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An End-User Perspective On Using NatQuery Building a Dynamic Variable T. 802 485-6112.

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Presentation on theme: "An End-User Perspective On Using NatQuery Building a Dynamic Variable T. 802 485-6112."— Presentation transcript:

1 An End-User Perspective On Using NatQuery Building a Dynamic Variable T. 802 485-6112

2 NatQuery is a workstation-based tool that provides a Graphical User Interface (GUI) allowing an End-User to easily extract data from a remote ADABAS / Natural mainframe, then integrate this data into common workstation tools. Shown above is the NatQuery “desktop”. The user will begin by clicking the New Query icon. Note this example Of NatQuery is being run against ADABAS on Linux in a PC network environment. The following screens may differ in your environment but the basic process of building a dynamic variable will be similar.

3 Our user wishes to ask for EMPLOEES named X, where X = a dynamic variable. A dynamic variable will allow the user to substitute new EMPLOEE names into this query without having to write the query again and again. Clicking the New Query icon opens the “Select Files” window. Our user will chose the EMPLOYEES file.

4 Having selected the EMPLOYEES file, we are now presented with the “Select Fields from EMPLOYEES” window.

5 Our user has chosen the three fields in the right side pane for use with this query. This was done by double clicking on the Field name, or highlight and then ADDing the field. The fourth field of CITY is about to be selected for inclusion.

6 NatQuery now asks the user if they wish to include files that NatQuery has been told have a relationship with Employees. NatQuery omits those files without links (relationship) to the EMPLOYEES file. This knowledge is governed by the ADABAS DBA.

7 Having clicked the “Continue” button in the prior window the user is now presented with the “Selection Logic” window. The user only wants specific Employee records so they have clicked the “Apply Selection Logic” in the Selection Mode box.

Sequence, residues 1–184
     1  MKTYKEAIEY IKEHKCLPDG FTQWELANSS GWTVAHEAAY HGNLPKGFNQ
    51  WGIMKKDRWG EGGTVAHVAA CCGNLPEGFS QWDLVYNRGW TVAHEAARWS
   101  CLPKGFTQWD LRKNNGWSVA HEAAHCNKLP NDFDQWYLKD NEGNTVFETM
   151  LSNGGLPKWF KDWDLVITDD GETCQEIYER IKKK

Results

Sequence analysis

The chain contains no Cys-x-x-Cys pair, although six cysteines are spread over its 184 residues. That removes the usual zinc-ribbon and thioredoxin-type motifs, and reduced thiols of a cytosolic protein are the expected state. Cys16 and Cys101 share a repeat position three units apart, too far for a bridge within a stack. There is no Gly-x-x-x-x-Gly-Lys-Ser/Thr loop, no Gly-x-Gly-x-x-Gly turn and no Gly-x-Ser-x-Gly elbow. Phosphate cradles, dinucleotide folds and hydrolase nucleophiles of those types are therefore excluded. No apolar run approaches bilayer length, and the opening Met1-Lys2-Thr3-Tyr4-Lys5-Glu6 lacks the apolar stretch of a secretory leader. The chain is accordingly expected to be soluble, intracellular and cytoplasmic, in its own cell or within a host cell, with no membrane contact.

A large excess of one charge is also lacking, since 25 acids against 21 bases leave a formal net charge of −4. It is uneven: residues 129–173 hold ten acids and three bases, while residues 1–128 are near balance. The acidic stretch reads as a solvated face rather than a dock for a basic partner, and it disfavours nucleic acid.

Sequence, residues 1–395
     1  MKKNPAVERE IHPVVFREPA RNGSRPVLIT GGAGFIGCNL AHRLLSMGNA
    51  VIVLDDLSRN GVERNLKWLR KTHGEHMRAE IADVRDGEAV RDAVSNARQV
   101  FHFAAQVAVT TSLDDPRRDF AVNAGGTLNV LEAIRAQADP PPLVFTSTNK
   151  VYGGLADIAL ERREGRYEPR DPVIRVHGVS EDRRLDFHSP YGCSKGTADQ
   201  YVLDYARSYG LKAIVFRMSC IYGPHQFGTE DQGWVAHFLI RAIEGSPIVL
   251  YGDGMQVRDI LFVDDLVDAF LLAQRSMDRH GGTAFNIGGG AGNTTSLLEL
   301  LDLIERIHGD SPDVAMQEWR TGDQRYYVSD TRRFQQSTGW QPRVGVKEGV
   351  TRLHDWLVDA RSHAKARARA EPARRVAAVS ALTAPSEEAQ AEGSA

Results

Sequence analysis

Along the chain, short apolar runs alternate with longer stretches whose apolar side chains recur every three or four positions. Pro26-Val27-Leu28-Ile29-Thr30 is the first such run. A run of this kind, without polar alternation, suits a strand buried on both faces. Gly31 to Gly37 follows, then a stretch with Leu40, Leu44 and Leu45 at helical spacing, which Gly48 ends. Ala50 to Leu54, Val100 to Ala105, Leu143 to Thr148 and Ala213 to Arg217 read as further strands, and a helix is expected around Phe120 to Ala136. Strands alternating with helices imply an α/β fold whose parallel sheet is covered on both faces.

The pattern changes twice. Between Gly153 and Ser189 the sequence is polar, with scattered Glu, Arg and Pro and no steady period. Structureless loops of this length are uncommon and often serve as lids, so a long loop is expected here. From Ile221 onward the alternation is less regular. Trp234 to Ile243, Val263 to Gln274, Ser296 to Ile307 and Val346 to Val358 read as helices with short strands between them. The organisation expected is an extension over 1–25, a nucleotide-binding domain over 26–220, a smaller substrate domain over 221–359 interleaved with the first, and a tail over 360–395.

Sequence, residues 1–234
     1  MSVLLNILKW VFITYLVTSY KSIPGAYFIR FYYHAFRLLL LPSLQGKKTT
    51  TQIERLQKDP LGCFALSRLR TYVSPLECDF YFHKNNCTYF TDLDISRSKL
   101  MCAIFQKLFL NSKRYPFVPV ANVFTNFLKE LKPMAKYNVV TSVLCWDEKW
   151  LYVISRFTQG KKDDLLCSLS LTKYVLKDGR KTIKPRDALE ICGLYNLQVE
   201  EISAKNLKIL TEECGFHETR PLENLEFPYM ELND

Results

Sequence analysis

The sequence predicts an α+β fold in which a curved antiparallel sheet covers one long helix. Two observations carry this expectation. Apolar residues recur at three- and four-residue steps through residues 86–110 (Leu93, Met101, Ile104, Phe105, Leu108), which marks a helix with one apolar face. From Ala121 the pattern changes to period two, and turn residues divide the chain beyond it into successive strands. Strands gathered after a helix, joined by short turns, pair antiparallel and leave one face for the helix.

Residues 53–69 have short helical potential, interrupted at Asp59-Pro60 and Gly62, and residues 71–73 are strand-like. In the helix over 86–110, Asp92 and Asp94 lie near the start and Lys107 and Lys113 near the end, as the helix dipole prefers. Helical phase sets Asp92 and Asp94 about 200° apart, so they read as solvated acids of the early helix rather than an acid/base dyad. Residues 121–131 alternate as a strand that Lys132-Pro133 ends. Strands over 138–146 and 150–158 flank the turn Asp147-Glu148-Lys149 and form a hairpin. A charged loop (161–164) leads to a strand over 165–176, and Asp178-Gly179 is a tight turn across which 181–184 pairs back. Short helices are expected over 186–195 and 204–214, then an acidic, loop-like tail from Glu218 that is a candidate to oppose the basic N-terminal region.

8 In the “Selection Logic to Apply” box, the user will chose, “Where Field”, “is” equal, “to” a, variable. Clicking the Variable button will allow the user a choice of available variables, if there are any, or a chance to Add (build) a specific variable.

9 Currently there are no variables available for use in this query. Adding a “dynamic” variable will allow the user to substitute different names into the query at will. The user will click the ADD button to begin the process of adding a variable.

10 In the “Define Query Variable” window the user can name the variable, choose to include it in the output, choose the format and length, and most importantly, choose which of five types of variables they wish to build. This window shows the default settings.

11 In this example the user will reuse a Field name for the dynamic variable name. Because they wish to have the ability to change the employee (last) name at will they have clicked the “Dynamic” variable button in the Type and Value box this enabled the Define Value button.

12 Clicking the “Define Value” button brings up the “Define Dynamic #Name” window. For the purpose of this query the user will click the “Dynamic Input” button. This action gives default values for the Format and Length windows, the user is free to change this information at their discretion.

13 Pressing “OK” in the “Define Dynamic #Name” window brings the User back to the “Define Variable” window. By clicking “OK” here the user has finished building their dynamic NAME variable.

14 The dynamic variable is now available to the user. As it is not a part of the query yet, the Modify, Delete, and Select buttons are active allowing the user a choice of action. By clicking the “Select” button this variable will become part of the query.

15 Here we see the variable is now incorporated into the query. This concludes the building of the query by our user. The query is now ready to be submitted, and so the user will click the “OK” button.

16 The user may now review the query. If satisfied, the user will click the “Send to Server” icon. The next few steps would reflect expected windows as seen during the submission process. This presentation will skip these steps and focus on using the new dynamic variable.

17 After completing the steps required in the “Send To Server Options” window, the user will be asked to supply the “Dynamic Input Value” which will be their chosen variable name (EMPLOYEE Name), in this case the user has chosen the name “SMITH.”